Debt Dictionary: Your Guide to Understanding Debt
Debt is a part of life for most people. From student loans to mortgages, credit cards to medical bills, debt comes in many shapes and sizes. While debt can be a useful financial tool if managed properly, it can also become a huge burden if left unchecked.
That’s why at Delancey Street, we’re dedicated to helping consumers and business owners have a healthy relationship with debt. We want to empower you with knowledge so you can make the best financial decisions for your situation.
What is Debt?
Debt is simply something owed by one party to another, typically money. Some common examples include:
- Credit card balances
- Auto loans
- Student loans
- Personal loans
- Medical debt
When you take on debt, you receive money upfront that you are obligated to pay back over time, often with added interest and fees. Debt allows people to make large purchases they otherwise could not afford.
Types of Debt
There are many different types of debt, each with its own characteristics:
Secured debt is tied to an asset that acts as collateral. Common examples include mortgages and auto loans. If the borrower defaults, the lender can seize the collateral to recover losses.
Unsecured debt does not require collateral. Examples include credit cards, medical debt, and personal loans. With unsecured debt, the lender must rely on the borrower’s creditworthiness.
With revolving debt like credit cards, the borrower can continuously draw, repay, and re-borrow up to a set limit. The balance may fluctuate but generally does not have a fixed payoff date.
Installment debt, like auto loans or mortgages, has a fixed term and requires set payments each month until the balance is paid off.
Short-term debt is designed to be paid off in less than a year, like payday loans or some retail credit accounts.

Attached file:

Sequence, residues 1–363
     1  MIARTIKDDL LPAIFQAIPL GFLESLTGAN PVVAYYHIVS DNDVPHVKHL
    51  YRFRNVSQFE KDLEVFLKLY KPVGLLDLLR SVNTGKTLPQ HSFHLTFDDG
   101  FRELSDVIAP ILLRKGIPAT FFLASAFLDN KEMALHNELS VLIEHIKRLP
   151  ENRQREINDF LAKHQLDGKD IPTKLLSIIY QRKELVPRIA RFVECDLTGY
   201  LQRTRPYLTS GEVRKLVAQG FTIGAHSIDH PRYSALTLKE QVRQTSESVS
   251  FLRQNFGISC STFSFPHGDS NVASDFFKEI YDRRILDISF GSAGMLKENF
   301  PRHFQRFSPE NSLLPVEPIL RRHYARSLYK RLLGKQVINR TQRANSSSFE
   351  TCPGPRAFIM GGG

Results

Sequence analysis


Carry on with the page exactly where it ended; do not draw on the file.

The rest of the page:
Long-term debt extends beyond one year. Mortgages are a common example, often lasting 15-30 years.
Debt vs. Credit
Debt and credit are closely related terms that refer to different sides of the borrowing process:
- Debt is the amount of money you owe.
- Credit is the amount you can borrow.
For example, if you have a credit card with a $5,000 limit, you have $5,000 of available credit. If you currently owe $2,000 on that card, your debt is $2,000.
Debt vs. Loan
While often used interchangeably, debt and loans have some key differences:
- Debt is a broad term for anything owed.
- A loan is a specific agreement where a lender provides money that the borrower must repay with interest.
So all loans are debt, but not all debt comes from loans. Debt may also arise from unpaid bills, taxes, court judgments, and more.
The Risks of Debt
Used strategically, debt provides access to major purchases and allows you to build credit. However, debt also comes with considerable risks, including:
- Owing more money than you can realistically repay
- Damaging your credit score if you miss payments
- Accruing interest charges and fees that increase the amount owed
- Potential legal action from lenders
- Bankruptcy in severe cases
That’s why it’s critical to only take on manageable debt that aligns with your budget and long-term goals.
Getting Out of Debt
If you find yourself overwhelmed by debt, here are some strategies to become debt-free:
- Make a budget and free up cash flow to accelerate payments
- Prioritize high-interest debts first
- Consider balance transfer or consolidation loans to lower interest rates
- Avoid taking on new debt during the payoff process
- Contact creditors to negotiate modified payment plans if needed
- Seek credit counseling to create a customized repayment strategy
The path to becoming debt-free takes diligence, but it is possible with commitment. At Delancey Street, our experienced team can provide customized debt relief solutions to fit your unique financial situation. Contact us for a free consultation.
- Debt refers to money owed by one party to another, often with interest.
- Key types of debt include mortgages, credit cards, student loans, and more.
- Secured debt is tied to collateral while unsecured has no backing.
- Revolving debt can be reused, unlike installment debt with fixed payments.
- Debt allows purchases not otherwise affordable but also comes with risks.
- Budgeting, prioritization, consolidation can help you eliminate debt.
Understanding the different forms of debt is key to using it strategically and avoiding pitfalls. Delancey Street is here to help you build a healthy relationship with debt to improve your financial wellbeing. Reach out today to get started.